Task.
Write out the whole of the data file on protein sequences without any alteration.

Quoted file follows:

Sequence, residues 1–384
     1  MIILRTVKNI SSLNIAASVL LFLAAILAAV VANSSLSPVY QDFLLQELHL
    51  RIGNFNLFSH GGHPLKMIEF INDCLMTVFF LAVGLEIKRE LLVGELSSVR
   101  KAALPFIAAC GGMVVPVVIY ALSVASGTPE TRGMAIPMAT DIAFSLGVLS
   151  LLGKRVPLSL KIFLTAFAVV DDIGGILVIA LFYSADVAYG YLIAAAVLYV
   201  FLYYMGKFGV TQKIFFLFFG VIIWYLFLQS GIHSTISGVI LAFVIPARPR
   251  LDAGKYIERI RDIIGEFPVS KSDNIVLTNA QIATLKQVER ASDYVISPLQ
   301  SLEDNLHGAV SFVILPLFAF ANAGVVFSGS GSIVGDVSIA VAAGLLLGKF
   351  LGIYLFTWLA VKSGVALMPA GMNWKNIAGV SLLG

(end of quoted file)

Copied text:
Sequence, residues 1–384
     1  MIILRTVKNI SSLNIAASVL LFLAAILAAV VANSSLSPVY QDFLLQELHL
    51  RIGNFNLFSH GGHPLKMIEF INDCLMTVFF LAVGLEIKRE LLVGELSSVR
   101  KAALPFIAAC GGMVVPVVIY ALSVASGTPE TRGMAIPMAT DIAFSLGVLS
   151  LLGKRVPLSL KIFLTAFAVV DDIGGILVIA LFYSADVAYG YLIAAAVLYV
   201  FLYYMGKFGV TQKIFFLFFG VIIWYLFLQS GIHSTISGVI LAFVIPARPR
   251  LDAGKYIERI RDIIGEFPVS KSDNIVLTNA QIATLKQVER ASDYVISPLQ
   301  SLEDNLHGAV SFVILPLFAF ANAGVVFSGS GSIVGDVSIA VAAGLLLGKF
   351  LGIYLFTWLA VKSGVALMPA GMNWKNIAGV SLLG